'Hemingway: The Sun Also Rises' at Kennedy Center

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Entertainment,Music,Emily Cary

Septime Webre, artistic director of the Washington Ballet, has topped himself with "Hemingway: The Sun Also Rises," his latest production making its world premiere this week at the Kennedy Center.

Three years ago, his company journeyed to the Roaring '20s via his unique choreographing of F. Scott Fitzgerald's "The Great Gatsby," complete with jazz band and vocalist. When a friend who taught American literature at Yale suggested that TWB dancer Sona Kharatian, who was a hit as Myrtle in "The Great Gatsby," would make an amazing Brett Ashley in Ernest Hemingway's "The Sun Also Rises," Webre leaped into creative mode.

His ballet, based on the novel many regard as the author's greatest work, tells the story of a group of American and British expatriates who meet in Paris and travel to Pamplona, Spain, to watch the running of the bulls and the bullfights. Dancing opposite Kharatian is Jared Nelson as Jake Barnes, the flawed hero of the novel.

"I've choreographed it to mirror the masculinity of Hemingway's writing style in short, punchy phrases," said Webre. "Jared dances with energy in a style that expresses Jake's complexity as he wrestles with demons. The role of Pedro Romero, a celebrated bullfighter, is danced by Brooklyn Mack.

Onstage
'Hemingway: The Sun Also Rises'
» Where: Kennedy Center Eisenhower Theater, 2700 F St. NW
» When: 7:30 p.m. Wednesday to Sunday 1:30 p.m. Saturday and Sunday
» Info: $25 to $125; 202-467-4600, 800-444-1324; kennedy-center.org

"The sets and costumes are period, yet stylized. The first act is set in Paris on the Left Bank. We use Paris street scenes representing Picasso collages from 1920 done in French newsprint. Everything is in black and white or shades of gray, because that is when Jake is at his most ambivalent.

"The second act takes place in Pamplona. It's in full, vibrant color, primarily red for blood and roses.

"Both the set and costumes are spectacular. Hugh Landwehr, a resident professor at NYU, is the New York-based set designer. Helen Huang, professor of costume design at the University of Maryland Department of Theatre, has created costumes for flappers and denizens of the streets in Paris, and outfits for Spanish men, women and the bullfighter."

Webre explained the steps involved between conception of the idea and bringing it to fruition. After reading the book, he wrote the libretto, then arranged for Boston-based Billy Novick, composer of the music for "The Great Gatsby," to write the music. Last summer, he traveled to Pamplona and actually ran with the bulls. Once the sets and costumes were underway, he worked with the dancers to create the steps that tell the story.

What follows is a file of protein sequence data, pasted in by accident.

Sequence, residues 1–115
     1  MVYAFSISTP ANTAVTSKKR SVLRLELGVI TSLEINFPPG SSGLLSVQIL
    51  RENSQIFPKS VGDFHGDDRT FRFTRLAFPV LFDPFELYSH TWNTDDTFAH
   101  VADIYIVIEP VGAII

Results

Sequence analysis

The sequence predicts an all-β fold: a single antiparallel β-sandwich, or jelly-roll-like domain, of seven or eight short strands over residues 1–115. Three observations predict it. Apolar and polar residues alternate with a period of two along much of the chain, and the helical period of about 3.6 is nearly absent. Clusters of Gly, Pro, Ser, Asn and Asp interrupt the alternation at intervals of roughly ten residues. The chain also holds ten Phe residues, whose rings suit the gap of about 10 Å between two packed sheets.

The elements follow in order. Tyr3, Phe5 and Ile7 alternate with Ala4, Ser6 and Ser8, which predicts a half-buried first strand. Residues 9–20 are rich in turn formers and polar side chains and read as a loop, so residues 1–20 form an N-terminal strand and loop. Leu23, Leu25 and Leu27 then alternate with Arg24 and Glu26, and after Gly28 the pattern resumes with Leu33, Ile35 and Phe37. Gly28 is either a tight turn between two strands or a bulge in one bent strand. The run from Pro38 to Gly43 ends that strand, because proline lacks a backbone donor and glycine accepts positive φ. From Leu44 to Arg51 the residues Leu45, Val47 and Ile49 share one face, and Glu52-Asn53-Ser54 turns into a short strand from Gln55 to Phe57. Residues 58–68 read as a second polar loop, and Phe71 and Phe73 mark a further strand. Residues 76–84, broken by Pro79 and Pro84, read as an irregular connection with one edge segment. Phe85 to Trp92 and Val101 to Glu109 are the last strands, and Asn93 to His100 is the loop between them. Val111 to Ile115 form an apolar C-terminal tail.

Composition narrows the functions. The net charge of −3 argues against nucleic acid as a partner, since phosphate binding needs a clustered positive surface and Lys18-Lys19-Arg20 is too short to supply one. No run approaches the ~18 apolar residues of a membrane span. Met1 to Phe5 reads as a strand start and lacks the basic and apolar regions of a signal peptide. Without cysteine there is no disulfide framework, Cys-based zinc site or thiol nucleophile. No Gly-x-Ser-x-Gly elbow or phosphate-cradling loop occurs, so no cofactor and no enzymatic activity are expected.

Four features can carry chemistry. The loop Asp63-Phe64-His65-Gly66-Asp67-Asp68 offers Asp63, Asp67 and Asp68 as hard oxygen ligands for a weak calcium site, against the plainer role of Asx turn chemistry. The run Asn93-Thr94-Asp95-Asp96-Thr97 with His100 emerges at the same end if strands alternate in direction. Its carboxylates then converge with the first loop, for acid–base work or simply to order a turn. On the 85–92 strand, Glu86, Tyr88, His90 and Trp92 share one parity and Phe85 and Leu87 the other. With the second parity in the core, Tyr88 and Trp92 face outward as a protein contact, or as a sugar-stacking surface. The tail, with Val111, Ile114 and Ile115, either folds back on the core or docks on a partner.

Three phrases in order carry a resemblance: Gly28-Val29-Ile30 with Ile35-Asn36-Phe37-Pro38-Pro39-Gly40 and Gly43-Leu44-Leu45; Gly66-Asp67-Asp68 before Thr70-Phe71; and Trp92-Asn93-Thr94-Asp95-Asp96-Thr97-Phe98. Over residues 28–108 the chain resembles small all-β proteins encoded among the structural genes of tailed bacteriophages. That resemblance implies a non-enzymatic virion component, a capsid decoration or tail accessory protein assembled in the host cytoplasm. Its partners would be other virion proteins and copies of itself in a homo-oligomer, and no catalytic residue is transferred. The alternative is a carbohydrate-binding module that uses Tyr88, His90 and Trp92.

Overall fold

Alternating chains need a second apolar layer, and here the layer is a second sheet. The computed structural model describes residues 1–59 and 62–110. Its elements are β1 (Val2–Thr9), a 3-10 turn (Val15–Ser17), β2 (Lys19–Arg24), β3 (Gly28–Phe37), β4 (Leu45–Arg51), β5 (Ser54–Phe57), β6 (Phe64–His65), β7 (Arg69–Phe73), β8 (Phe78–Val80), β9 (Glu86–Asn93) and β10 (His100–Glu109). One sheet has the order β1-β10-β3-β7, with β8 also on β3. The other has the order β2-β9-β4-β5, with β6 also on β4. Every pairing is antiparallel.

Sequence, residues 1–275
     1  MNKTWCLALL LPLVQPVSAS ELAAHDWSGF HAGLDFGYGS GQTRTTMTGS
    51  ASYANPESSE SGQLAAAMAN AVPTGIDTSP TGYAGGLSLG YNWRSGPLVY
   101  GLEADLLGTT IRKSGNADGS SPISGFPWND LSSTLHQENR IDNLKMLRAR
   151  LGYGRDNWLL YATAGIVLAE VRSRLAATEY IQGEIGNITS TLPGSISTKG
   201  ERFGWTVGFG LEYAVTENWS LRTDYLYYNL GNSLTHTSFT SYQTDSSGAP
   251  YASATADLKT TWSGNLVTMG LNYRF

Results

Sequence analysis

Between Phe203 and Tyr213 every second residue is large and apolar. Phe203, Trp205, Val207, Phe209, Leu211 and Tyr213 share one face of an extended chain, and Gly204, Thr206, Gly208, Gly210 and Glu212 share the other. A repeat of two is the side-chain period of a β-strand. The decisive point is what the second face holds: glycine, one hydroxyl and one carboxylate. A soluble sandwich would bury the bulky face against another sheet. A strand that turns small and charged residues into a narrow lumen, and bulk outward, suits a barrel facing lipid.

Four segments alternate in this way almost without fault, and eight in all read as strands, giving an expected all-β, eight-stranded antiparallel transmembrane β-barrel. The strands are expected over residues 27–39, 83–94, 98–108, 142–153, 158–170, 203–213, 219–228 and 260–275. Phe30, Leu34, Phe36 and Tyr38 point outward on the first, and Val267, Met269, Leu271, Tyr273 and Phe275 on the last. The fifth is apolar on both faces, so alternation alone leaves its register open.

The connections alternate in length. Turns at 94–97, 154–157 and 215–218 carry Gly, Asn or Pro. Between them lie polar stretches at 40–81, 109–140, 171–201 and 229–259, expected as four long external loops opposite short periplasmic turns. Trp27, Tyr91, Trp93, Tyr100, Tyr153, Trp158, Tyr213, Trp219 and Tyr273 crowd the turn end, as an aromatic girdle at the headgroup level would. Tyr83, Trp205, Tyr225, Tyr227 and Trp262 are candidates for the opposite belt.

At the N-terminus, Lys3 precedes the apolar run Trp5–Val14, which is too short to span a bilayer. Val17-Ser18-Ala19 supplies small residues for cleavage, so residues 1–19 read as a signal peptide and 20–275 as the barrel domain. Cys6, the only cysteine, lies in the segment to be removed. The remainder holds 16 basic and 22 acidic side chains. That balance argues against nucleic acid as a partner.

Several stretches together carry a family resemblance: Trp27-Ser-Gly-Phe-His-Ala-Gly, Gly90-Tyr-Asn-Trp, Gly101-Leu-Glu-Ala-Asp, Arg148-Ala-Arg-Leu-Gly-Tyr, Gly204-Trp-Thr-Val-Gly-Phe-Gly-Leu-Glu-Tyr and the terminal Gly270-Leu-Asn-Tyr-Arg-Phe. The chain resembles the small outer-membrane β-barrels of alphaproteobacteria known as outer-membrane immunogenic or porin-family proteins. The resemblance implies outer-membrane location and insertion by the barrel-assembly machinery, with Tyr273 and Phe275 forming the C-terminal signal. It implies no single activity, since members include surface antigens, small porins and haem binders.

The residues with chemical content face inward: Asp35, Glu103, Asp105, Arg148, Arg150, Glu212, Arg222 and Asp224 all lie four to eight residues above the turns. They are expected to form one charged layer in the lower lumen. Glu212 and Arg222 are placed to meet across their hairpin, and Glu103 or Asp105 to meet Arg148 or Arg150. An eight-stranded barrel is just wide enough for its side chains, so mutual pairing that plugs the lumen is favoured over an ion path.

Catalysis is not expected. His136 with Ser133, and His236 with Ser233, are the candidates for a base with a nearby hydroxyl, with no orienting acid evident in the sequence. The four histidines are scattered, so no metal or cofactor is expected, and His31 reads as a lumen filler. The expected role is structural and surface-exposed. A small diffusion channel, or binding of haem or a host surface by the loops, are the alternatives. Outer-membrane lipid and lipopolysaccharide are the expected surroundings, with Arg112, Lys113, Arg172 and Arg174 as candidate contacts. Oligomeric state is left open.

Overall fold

Having grown up in Texas, he traveled to Mexico frequently to see the Spanish bullfighters in the ring. He will relive those memories through the historical footage of matadors gathered by Aaron Rhyne, a video artist and projectionist whose designs are shown in stage productions worldwide. These will enhance key moments during the show.

Along with Novick's jazz band, classical and flamenco guitarists will provide the live accompaniment. Vocalist E. Faye Butler, who brought the house down in "The Great Gatsby" and recently won this year's Helen Hayes Award for Outstanding Supporting Actress ("Pullman Porter's Blues"), will be on hand for more show-stopping turns. Ari Shapiro, NPR White House correspondent and frequent guest vocalist with Pink Martini, will make a cameo appearance as a French crooner of the 1920s.

"This ballet is part of a 10-year project I call the American Experience," Webre said. "After 'Hemingway: The Sun Also Rises,' our next project to celebrate American literature and culture is with the Howard University Jazz Ensemble. My greatest hope is that the Washington audience will remember this production long after they leave the theater. I am proud to have tackled this narrative and others, something that is unique and not done by other choreographers."

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Emily Cary

Special to The Washington Examiner
The Washington Examiner